Power Spectra


Noise Analysis > Power Spectra


The power spectrum is a measure of the frequency distribution of the signal variance. Analysis of the amplitude and shape of the power spectrum provides a means of estimating both single-channel current amplitude and channel gating kinetics. The averaged spectrum is obtained by computing the individual power spectrum for each variance record using the fast Fourier transform, averaging the corresponding frequency components from each record, and [optionally] averaging adjacent frequency components. By convention, the power spectra is then plotted using log-log axes.


Select the Power Spectrum page to compute and plot the averaged power spectrum for a  series of variance records.


To plot a power spectrum :

1.      Select the All Records option to include all available variance records in the spectrum or select Range and enter a specific range of records. (Note. Records marked as Rejected and Background records are excluded.)

2.      Freq. Averaging: Select the type of averaging to be applied to adjacent spectral frequencies. Select None for no averaging. Select Logarithmic to logarithmically increase the number of adjacent frequencies averaged with increasing frequency. Select Linear to average a fixed number of adjacent frequencies throughout the frequency range, the number entered in the No. Freqs. box.

3.      Time Window: Select the time window to be applied to the data in each variance record. Select None for no time window. Select 10% Cosine to taper the first and last 10% of data points using a cosine bell function.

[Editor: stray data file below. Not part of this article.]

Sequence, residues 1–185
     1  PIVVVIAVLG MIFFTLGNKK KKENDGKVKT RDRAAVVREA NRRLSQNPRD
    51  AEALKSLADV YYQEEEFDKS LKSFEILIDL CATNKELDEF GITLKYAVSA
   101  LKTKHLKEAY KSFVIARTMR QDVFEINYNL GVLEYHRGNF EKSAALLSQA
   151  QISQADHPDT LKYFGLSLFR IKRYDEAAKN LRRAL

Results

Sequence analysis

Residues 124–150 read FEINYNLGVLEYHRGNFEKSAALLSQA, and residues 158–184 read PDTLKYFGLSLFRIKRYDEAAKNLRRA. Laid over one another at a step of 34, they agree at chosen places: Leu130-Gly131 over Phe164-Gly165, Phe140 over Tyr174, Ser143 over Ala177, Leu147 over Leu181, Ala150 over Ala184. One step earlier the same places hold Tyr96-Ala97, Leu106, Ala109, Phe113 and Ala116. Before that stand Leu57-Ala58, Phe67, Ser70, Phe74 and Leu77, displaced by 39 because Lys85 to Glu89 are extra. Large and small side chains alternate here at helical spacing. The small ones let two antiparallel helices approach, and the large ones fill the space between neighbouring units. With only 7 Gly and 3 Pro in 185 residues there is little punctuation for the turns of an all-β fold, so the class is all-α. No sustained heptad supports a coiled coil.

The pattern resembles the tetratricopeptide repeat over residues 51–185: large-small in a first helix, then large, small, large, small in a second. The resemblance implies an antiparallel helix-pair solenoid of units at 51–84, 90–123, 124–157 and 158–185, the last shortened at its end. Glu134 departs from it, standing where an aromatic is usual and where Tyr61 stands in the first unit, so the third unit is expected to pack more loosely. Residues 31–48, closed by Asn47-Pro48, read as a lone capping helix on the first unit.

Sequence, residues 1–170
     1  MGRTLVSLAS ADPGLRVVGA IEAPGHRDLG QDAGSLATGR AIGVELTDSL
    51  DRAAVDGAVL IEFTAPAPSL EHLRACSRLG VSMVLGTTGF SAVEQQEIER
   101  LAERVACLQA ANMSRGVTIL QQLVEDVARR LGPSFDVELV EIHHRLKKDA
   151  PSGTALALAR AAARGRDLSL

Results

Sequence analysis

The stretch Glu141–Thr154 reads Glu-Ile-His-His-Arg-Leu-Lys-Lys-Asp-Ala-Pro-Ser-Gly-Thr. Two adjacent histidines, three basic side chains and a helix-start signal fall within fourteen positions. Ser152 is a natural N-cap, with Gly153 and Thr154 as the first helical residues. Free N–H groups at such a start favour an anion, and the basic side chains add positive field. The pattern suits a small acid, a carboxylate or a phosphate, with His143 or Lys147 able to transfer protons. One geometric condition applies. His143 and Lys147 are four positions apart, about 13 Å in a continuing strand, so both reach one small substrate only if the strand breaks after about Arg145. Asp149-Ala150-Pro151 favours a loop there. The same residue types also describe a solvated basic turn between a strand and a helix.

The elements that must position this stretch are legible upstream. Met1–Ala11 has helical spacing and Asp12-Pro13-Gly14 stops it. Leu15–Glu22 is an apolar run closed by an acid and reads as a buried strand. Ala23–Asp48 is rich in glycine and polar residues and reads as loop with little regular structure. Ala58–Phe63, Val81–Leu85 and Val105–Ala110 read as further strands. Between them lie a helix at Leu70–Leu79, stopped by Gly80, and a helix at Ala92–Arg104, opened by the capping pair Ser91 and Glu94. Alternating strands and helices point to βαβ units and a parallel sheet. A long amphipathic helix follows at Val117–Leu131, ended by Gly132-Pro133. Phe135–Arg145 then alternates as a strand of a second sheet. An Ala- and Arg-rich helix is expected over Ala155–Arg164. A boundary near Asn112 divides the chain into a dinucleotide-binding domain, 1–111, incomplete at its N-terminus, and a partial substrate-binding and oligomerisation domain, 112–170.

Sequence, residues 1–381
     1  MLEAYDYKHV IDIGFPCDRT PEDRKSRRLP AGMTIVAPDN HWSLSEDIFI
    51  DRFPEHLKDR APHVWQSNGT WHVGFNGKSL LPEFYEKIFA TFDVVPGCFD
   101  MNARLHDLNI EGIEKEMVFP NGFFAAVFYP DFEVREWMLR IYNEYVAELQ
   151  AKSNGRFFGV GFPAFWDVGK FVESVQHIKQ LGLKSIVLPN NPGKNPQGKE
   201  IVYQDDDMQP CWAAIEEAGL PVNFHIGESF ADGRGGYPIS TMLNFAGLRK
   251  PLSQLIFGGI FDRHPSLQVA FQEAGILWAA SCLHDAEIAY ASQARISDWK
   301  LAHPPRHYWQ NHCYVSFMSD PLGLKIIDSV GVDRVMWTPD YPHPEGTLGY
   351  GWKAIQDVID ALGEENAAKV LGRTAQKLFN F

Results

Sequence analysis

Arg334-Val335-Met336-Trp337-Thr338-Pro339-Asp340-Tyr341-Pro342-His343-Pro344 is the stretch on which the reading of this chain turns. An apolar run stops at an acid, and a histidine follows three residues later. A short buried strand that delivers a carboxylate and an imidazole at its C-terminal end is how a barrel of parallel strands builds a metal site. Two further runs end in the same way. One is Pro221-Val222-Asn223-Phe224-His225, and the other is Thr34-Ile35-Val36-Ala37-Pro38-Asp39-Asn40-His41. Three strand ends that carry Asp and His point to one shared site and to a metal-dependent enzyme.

4.      Options: Tick the Subtr’t Backg’d option to subtract the averaged power spectrum of the Background records from the spectrum of the Test records. (The background spectrum is also plotted ( symbols).)
Tick the Subtr’t Trends option to remove any linear trends from the data points within each variance record before computation of its power spectrum.
Tick the Remove Harmonics of option and enter a base frequency in the box to remove frequencies at multiples of X1 and X2 the base.

5.      Click the New Spectrum button to compute and plot the averaged spectrum.

The spectral power at each frequency component can be displayed using the blue readout cursor. The average variance contained within a range of frequencies indicated by the |--| region of interest cursors is also displayed. The total variance obtained by integrating the spectrum and the median power frequency (frequency below/above which 50% of the variance lies) is displayed in the results box.

 A detailed discussion of the computation of power spectra can be found in Dempster (1992 or 2001).